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Study Associates Moderate Coffee Drinking with Reduced Depression and Anxiety

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A recent study from researchers in China associates two to three cups of coffee per day with the lowest risk of both anxiety and depression among all coffee drinkers and non-coffee-drinkers alike.

However, the study found mixed results for people who drank more or less than that amount, while depression and anxiety incidence was also affected by variables such as the type of coffee, or by additives such as milk or sweeteners.

In their conclusion, the study authors offered this arresting statement: “Our findings support the recommendation that moderate coffee consumption could be part of a healthy lifestyle to prevent and manage depression and anxiety in the general population.”

The study itself was published the Elsevier-owned journal Psychiatry ResearchFunding came from three separate Chinese scientific research agencies, and the authors said the groups had no role in the study design or in approving the manuscript.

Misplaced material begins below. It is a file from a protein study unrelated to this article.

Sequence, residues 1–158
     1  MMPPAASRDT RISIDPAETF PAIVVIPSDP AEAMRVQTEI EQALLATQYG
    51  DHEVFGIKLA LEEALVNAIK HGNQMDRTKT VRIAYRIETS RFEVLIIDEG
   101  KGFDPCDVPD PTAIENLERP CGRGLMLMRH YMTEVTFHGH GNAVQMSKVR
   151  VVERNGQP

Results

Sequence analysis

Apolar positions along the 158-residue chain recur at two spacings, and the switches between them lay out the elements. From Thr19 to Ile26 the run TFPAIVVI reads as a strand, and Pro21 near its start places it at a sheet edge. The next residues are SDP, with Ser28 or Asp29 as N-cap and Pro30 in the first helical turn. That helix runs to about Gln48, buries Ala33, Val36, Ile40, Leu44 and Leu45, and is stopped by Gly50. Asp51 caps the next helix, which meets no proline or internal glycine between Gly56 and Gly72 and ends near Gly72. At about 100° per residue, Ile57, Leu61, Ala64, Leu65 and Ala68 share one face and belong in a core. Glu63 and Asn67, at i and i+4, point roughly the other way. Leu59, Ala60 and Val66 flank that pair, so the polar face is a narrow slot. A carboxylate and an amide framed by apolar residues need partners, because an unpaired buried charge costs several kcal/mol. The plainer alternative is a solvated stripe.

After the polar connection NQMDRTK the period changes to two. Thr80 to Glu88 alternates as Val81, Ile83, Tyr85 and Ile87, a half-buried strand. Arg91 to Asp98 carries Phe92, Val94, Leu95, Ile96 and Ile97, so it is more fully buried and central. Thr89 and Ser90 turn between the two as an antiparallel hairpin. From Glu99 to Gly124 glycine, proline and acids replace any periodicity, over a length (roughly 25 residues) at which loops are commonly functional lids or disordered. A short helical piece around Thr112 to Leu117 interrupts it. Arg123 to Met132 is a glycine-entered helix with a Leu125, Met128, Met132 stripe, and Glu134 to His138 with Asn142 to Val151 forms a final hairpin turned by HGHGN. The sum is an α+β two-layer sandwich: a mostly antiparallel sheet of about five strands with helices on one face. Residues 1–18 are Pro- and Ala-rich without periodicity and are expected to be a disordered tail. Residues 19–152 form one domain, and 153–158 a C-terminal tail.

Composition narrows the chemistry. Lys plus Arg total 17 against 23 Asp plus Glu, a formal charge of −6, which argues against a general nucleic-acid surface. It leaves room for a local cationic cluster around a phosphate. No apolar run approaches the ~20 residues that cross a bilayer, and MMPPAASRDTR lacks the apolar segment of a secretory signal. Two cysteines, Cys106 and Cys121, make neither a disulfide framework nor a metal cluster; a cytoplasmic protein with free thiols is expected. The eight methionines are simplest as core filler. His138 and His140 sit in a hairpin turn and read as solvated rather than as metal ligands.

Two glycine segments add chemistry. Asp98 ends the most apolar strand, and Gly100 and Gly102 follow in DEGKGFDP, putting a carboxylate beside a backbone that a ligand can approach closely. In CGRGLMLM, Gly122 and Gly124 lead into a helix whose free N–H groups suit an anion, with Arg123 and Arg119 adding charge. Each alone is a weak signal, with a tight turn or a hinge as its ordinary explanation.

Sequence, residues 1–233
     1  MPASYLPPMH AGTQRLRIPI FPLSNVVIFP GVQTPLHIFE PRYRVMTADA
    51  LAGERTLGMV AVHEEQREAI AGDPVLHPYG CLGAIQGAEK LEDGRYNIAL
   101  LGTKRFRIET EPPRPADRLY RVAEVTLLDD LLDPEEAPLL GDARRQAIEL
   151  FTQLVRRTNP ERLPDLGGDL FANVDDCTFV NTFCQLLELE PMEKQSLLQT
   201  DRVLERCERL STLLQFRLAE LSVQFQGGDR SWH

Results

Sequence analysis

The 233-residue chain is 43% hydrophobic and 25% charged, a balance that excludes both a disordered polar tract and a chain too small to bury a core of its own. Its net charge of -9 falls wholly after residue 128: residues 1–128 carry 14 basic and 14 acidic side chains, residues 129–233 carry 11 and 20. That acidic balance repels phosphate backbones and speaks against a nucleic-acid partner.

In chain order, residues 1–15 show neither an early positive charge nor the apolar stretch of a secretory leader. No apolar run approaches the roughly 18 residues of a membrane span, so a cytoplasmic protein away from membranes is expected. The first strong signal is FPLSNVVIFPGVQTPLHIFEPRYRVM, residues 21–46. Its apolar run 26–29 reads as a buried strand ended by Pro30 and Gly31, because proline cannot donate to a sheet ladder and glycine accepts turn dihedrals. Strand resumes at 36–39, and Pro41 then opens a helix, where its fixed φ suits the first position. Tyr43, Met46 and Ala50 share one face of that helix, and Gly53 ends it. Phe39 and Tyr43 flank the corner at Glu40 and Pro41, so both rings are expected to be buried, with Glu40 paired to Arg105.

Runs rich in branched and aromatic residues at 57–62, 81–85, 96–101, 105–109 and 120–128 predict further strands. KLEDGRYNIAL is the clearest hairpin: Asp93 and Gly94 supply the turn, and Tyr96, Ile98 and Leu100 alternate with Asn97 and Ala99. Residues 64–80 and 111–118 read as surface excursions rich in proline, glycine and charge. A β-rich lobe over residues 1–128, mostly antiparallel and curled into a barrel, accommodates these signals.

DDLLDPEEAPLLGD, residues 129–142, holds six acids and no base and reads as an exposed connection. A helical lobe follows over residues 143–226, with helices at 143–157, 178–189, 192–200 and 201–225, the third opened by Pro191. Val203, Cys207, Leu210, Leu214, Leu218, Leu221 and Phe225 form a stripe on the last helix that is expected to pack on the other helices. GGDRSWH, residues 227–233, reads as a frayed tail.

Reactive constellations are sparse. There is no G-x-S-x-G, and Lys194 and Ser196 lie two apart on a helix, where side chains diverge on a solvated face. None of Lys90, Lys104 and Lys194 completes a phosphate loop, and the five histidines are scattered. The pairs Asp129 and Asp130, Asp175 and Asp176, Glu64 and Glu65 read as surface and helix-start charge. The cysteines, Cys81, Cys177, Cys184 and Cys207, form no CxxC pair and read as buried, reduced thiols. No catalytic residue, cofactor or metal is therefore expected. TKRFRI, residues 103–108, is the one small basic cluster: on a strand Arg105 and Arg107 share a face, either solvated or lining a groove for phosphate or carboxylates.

Pixabay coffee beans

The study utilized data from the UK Biobank, a mass observational cohort that has yielded a wealth of research on coffee consumption and human health over the past decade.

The study involved 146,656 participants (63,860 men and 82,796 women), 80.7% of whom reported being coffee drinkers. Just over 41% of participants reported drinking two to three cups per day, representing the largest proportion of consumers.

Using information from surveys conducted between 2006 and 2010, the statistical analysis showed that three cups of any kind of coffee daily was associated with the lowest risk of both depression and anxiety. One to three cups of unsweetened coffee per day was also associated with lower risk of both.

People who consumed more than six cups of any kind of coffee per day were associated with heightened risked.

Additionally, the study showed that people who reported drinking two to three cups of instant (soluble) coffee daily were associated with reduced depression risk, but not reduced anxiety. The research also found that drinking sugar-sweetened or artificially sweetened coffee showed no meaningful statistical correlation with anxiety or depression risk.

The full study can be found here. See more of DCN’s coffee and health coverage here.

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